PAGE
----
Community Leaders Discuss Problems Affecting Kansas City, St. Louis Youth

UniverCities Exchange is a continuing collaborative of UMKC and UMSL.

Academic and community leaders from Kansas City and St. Louis met virtually on Oct. 13 to discuss issues local adolescents have faced throughout the COVID-19 pandemic.

The session was conducted through UniverCities Exchange, an ongoing collaborative project between UMKC and UMSL. In this installment, the panel discussed how Missouri youth are adjusting to the complexity of nearly two years of life in the era of COVID-19.

Between March and May of 2020, the United States saw a nearly 25% increase in appointments for children ages 5-11 experiencing a mental health emergency, and a 31% increase for children ages 12-17. This year, those numbers have climbed an additional 15%.

The panel discussed how Missouri youth are adjusting to the complexity of nearly two years of life in the era of COVID-19.

Steve Kraske, host of KCUR's Up to Date and UMKC journalism professor, served as moderator. Panelists included:

  • Nora Peterman, UMKC Assistant Professor of Education
  • Erika Gibbs, Dean of Primary School, Citizens of the World Charter School, Kansas City
  • Dr. Jerry Dunn, Executive Director, Children's Advocacy Services of Greater St. Louis
  • Dr. Tyler Smith, Fellowship Program Director, Divison of General Academic Pediatrics, Children's Mercy Kansas City
  • Rachel Taube, Project Director for Mental Health First Aid, Missouri Institute of Mental Health

Here are some highlights of the panel's conversation regarding the problems youth in Kansas City and St. Louis fae and how our communities are addressing them.

Please note: This conversation features content that some may find upsetting- including conversations on abuse and suicide. We encourage those who need help for themselves or a loved one to seek it out. The UM System assists in providing free Mental Health First Aid training and, for those in crisis, the National Suicide Prevention Lifeline is available 24/7 at 1-800-273-8255.

"The pandemic has certainly had an impact on the mental health of the generation that is moving into and through adolescence right now. As we look at statistics, they are documenting only the surge in mental health emergencies. But what we have to keep in mind is those health emergencies really represent only the tip of the iceberg and that we have a far greater proportion of our youth who are underneath that tip of the iceberg, whose functioning and overall well-being has been significantly impacted." -Jerry Dunn

"Online spaces and online communities have become even more meaningful and significant in the daily lives of adolescents than ever before. Whether we're talking about TikTok, gaming websites, fandom communities, these are all spaces online where adolescents are engaged in this constant process of figuring out who they are, can audition different identities and make connections with other people who can help them figure it out." -Nora Peterman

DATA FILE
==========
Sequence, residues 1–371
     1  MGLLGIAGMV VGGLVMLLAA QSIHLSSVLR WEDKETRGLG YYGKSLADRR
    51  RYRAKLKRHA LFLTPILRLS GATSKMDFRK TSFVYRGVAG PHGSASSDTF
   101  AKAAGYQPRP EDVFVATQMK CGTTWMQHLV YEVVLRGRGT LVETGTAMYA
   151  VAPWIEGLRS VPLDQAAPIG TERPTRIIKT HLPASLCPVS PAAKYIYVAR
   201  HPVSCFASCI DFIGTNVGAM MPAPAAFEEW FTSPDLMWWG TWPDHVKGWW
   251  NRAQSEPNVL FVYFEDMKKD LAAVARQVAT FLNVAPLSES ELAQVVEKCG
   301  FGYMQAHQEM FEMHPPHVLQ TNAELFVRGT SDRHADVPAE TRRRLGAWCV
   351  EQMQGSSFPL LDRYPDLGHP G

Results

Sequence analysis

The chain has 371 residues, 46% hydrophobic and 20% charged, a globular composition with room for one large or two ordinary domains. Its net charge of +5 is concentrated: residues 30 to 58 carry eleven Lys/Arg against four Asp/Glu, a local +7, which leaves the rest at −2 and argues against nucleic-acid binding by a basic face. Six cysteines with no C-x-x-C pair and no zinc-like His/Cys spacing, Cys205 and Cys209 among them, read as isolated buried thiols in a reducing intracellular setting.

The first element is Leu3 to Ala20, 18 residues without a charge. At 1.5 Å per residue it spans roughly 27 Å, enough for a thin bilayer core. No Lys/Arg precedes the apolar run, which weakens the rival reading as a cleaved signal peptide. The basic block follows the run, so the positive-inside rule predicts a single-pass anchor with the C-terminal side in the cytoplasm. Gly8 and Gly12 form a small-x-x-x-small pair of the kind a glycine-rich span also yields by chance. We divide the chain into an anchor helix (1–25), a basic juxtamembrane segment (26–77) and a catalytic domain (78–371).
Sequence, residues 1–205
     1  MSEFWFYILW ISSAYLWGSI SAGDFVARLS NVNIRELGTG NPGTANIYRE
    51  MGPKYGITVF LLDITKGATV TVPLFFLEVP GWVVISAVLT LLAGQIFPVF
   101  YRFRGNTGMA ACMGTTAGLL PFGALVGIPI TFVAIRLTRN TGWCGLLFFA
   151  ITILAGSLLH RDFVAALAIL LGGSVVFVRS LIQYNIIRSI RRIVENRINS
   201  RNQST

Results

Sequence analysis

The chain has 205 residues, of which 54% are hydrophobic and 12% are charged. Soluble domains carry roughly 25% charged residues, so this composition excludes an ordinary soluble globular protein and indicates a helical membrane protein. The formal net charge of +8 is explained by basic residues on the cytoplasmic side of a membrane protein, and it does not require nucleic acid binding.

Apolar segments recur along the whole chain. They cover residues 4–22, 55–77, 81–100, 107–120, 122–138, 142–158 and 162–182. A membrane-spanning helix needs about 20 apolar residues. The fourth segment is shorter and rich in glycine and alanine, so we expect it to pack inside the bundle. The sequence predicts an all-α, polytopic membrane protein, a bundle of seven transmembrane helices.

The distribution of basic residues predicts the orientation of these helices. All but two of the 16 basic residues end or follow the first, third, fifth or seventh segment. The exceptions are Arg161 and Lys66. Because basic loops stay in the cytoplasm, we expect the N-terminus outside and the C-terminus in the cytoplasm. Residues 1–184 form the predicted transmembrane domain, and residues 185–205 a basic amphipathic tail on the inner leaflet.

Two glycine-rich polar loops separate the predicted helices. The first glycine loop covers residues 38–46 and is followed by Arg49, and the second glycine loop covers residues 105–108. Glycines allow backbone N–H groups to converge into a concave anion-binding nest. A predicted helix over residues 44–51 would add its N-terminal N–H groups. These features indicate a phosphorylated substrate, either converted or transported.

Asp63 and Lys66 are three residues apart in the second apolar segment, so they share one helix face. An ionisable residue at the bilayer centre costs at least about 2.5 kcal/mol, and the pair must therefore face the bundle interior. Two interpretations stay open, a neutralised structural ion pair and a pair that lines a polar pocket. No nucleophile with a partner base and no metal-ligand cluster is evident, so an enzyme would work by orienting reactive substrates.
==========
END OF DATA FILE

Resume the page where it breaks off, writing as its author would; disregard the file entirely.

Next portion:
"We have to look at what's happening currently in our society. In addition to young people dealing with a pandemic, there was also a heightened awareness of racial and social injustice and reckoning. There were young people who were seeing on a TV screen, a gentleman literally dying before their eyes and that is very traumatizing and traumatic for young people to have to experience." -Tyler Smith

 "We really try to make sure that we emphasize self-care, make sure that they have support throughout the day whenever they need things, bathroom breaks, because the burnout is real. There's been an extreme amount of pressure." -Erika Gibbs

"There are lots of ways to help. We know that oftentimes when adolescents experience mental health challenges, they talk to their peers, but we also know that they go to family members and friends. So it's important for lots of folks to be able to respond." -Rachel Taube

UniverCities Exchange gathers community leaders and academic experts to discuss problems and possible solutions to issues affecting the Kansas City and St. Louis metro areas. The project began in fall 2020 with a discussion of health disparities during the COVID pandemic. The goal of these conversations is to foster a connection for future collaboration across Missouri.

Watch the full UniverCities Exchange discussion below:

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